Kateryna Moskalenko


Ukraine is one of the few countries in Europe that allows surrogacy for both its own citizens and foreigners. It is a very attractive destination for reproductive tourism because of its convenient geographical position, good level of medical services and moderate prices; moreover, legal regulation on surrogacy in Ukraine is fragmentary as no special law on human reproduction has yet been adopted.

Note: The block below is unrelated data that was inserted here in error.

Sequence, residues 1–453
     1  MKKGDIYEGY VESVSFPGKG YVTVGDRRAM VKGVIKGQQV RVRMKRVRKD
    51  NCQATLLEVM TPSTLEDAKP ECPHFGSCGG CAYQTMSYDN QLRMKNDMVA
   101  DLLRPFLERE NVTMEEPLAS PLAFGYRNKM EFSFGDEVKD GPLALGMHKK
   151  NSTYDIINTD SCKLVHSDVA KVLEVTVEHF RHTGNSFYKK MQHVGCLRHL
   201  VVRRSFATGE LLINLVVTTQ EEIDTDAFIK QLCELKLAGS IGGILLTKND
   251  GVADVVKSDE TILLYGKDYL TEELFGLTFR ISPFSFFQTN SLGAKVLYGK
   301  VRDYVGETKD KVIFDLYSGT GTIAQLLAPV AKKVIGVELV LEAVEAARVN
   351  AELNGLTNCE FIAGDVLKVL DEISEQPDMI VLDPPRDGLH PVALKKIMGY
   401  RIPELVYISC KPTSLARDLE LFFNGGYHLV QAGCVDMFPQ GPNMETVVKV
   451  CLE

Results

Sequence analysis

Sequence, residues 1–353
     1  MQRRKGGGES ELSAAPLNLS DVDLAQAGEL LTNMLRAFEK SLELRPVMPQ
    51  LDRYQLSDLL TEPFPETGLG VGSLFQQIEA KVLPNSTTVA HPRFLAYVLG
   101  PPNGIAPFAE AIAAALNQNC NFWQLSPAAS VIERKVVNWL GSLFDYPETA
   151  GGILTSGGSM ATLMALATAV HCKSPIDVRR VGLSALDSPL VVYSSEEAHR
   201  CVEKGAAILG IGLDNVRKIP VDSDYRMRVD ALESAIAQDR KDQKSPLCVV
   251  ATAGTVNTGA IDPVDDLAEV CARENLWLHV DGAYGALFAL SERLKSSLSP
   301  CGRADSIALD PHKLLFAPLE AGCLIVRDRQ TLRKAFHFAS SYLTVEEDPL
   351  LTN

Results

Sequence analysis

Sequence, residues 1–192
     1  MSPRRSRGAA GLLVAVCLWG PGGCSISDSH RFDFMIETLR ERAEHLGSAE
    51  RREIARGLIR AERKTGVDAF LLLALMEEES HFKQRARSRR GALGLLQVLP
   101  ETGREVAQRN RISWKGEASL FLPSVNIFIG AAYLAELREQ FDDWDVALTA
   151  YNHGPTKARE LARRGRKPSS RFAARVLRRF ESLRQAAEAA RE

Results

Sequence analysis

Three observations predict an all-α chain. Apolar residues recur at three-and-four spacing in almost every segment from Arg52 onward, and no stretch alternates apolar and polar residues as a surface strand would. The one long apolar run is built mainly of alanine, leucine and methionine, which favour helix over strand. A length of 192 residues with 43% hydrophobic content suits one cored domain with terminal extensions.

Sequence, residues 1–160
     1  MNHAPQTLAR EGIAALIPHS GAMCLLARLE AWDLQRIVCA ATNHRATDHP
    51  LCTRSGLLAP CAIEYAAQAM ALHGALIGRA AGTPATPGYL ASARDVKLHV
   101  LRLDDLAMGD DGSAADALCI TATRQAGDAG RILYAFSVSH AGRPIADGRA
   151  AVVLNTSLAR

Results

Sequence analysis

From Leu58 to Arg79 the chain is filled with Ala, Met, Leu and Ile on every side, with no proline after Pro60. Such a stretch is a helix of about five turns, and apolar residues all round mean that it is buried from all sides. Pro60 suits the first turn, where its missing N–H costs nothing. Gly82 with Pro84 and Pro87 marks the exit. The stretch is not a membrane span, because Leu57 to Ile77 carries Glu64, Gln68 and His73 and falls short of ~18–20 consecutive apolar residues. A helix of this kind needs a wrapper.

This paper aims to uncover the conditions for surrogacy in Ukraine alongside the gaps in the current Ukrainian legislation and to compare the Ukrainian legislation on surrogacy with the legislation of European countries. The author also aspires to analyze the recent draft laws on assisted human reproduction that have been submitted for consideration to the Ukrainian parliament. Another purpose of the article is to formulate the legal problems of the surrogacy industry in the early wartime. The principal result of the paper is that the need for detailed regulation surrounding surrogacy is pressing, and the adoption of special laws on assisted human reproduction by the Ukrainian parliament would be a significant step forward. The author concludes that the regulation of surrogacy in Ukraine is very liberal in comparison with the rules of most of the countries of Western Europe, where surrogacy is banned. At the end of 2021 and during 2022–2023, four different draft laws dedicated to assisted human reproduction were considered by the Ukrainian parliament. Despite the fact that the legislative work calendar of the Ukrainian parliament provided that the relevant law should be adopted in 2023, on May 3, 2023, the Ukrainian parliament rejected all of the abovementioned drafts. It is expected that other drafts will be elaborated and submitted in the nearest future. The war initiated by the Russian Federation against Ukraine, which began on February 24, 2022, has greatly affected the reality of surrogacy. The emergency evacuation of surrogates and difficulties in obtaining transportation documents and birth certificates for children born after surrogacy are just some of the problems faced by both intended parents and agencies. These problems will not cease until the war is over.